Obesity and Self Control: Evidence from Food Purchase Data
69 Pages Posted: 23 Oct 2018 Last revised: 6 May 2019
Date Written: May 3, 2019
In this paper, we examine the relationship between obesity and food purchase behavior using a novel and unique dataset that links individual-level scanner data on food purchases to survey data containing questions about an individual's obesity status. We find that obese individuals have higher purchase shares of unhealthy goods, are more likely to purchase products offered in checkout lanes that exploit consumer temptation, and are significantly more sensitive to price changes in product categories that are both unhealthy and tempting. We find no differences in price sensitivity across obesity levels in comparable product categories that would not be considered tempting. Moreover, we find that the relationship between price sensitivity and BMI is significantly smaller for individuals who have recently lost weight. Our empirical results are consistent with the model of self-control developed by Gul and Pesendorfer (2001) and Benabou and Pycia (2002). We do not find systematic support for the idea that more obese individuals are more myopic, in contrast to earlier research. We also do not find systematic evidence that obesity is correlated with worse information about the consequences of unhealthy eating.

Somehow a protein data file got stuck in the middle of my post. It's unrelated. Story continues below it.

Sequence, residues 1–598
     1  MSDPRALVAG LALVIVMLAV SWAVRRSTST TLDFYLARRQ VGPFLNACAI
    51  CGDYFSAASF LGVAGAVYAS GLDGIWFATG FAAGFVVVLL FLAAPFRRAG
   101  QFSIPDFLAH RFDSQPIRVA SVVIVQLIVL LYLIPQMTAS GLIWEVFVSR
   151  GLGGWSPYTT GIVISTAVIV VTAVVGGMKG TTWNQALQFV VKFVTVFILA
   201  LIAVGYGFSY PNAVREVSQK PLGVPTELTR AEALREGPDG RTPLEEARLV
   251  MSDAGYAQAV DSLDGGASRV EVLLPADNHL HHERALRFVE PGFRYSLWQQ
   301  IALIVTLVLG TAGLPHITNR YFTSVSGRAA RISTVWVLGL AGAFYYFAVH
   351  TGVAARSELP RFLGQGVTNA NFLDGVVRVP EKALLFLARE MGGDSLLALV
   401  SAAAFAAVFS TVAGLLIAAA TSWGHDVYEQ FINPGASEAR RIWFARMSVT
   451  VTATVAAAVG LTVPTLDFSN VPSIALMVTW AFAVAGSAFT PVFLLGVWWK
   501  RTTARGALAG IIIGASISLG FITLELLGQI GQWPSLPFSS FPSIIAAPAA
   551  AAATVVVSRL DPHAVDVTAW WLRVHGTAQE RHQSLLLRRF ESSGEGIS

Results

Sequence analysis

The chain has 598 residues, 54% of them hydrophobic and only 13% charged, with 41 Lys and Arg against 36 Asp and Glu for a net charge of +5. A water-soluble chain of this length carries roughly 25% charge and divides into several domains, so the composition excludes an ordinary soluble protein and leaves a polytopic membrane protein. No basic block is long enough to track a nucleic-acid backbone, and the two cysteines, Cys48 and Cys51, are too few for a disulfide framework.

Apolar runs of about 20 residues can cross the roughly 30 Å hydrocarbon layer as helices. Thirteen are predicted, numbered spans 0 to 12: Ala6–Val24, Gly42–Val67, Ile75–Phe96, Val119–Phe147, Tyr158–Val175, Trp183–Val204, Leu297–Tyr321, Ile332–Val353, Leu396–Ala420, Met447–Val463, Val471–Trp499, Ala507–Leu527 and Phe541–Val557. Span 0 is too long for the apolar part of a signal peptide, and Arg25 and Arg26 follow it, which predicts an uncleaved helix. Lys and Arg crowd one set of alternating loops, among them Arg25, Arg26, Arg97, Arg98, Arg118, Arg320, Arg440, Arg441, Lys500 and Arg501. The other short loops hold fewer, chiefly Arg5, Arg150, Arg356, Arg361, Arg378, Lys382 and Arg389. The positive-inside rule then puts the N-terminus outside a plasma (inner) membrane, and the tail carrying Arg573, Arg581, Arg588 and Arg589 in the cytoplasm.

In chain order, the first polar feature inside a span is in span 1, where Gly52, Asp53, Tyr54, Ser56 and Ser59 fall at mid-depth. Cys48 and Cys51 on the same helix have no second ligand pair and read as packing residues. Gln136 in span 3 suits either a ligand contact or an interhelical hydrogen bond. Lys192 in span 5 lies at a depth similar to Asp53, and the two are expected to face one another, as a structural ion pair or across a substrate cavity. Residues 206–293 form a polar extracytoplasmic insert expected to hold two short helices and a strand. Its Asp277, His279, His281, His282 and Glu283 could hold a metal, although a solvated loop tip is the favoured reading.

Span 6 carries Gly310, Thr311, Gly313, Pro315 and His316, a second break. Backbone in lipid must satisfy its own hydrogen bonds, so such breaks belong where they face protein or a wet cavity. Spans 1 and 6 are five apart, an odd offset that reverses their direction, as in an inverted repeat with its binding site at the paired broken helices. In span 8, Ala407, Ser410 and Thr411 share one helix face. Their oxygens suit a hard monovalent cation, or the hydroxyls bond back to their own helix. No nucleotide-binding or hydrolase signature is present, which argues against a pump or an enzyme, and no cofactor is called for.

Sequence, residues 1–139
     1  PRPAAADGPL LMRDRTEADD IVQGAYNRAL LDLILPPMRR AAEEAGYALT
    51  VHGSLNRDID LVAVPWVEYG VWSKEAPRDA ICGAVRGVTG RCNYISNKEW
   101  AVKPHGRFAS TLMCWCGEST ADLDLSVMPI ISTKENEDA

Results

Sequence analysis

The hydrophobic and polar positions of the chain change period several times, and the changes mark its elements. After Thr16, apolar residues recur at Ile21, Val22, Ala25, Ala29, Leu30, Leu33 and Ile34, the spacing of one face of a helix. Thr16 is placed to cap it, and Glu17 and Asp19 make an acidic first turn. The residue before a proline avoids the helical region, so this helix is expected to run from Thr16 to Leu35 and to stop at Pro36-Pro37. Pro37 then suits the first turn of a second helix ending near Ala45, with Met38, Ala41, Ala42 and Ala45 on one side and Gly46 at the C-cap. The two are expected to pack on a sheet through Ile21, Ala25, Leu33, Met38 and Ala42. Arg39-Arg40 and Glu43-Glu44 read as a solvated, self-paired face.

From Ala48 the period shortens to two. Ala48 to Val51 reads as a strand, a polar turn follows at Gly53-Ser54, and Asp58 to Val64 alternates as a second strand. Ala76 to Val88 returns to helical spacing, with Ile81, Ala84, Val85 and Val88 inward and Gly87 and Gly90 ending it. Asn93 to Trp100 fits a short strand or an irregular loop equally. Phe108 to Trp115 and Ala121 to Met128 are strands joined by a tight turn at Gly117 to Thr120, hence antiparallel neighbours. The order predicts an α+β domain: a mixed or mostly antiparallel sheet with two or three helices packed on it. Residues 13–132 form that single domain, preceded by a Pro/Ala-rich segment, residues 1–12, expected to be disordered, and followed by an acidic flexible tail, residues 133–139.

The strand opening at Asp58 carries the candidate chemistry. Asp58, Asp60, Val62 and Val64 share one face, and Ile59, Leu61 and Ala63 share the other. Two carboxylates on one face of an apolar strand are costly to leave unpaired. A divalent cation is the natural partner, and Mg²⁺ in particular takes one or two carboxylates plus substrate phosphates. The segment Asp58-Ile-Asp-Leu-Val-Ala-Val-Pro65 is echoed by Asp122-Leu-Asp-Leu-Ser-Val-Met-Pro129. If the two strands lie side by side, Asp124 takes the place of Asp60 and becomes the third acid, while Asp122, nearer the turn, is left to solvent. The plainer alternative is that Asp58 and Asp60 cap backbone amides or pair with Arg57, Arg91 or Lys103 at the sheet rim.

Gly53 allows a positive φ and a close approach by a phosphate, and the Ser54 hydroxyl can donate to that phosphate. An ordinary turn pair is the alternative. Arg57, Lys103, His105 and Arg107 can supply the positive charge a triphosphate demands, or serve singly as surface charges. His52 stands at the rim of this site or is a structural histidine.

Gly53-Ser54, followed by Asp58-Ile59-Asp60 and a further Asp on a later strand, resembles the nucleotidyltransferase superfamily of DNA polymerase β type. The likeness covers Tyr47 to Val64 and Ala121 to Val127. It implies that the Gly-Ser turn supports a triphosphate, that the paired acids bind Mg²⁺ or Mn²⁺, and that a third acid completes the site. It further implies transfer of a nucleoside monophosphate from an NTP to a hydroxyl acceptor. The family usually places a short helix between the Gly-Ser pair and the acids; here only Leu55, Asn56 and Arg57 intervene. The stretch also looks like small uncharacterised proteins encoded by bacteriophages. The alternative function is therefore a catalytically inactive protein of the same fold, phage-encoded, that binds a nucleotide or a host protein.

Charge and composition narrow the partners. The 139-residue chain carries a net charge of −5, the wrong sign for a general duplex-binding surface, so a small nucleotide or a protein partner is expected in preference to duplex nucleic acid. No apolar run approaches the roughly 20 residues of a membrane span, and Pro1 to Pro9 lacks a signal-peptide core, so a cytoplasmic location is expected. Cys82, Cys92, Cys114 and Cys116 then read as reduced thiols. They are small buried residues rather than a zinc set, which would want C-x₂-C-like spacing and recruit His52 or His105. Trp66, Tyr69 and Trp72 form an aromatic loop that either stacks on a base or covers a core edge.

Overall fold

Keywords: obesity, self-control, scanner data, marketing and health
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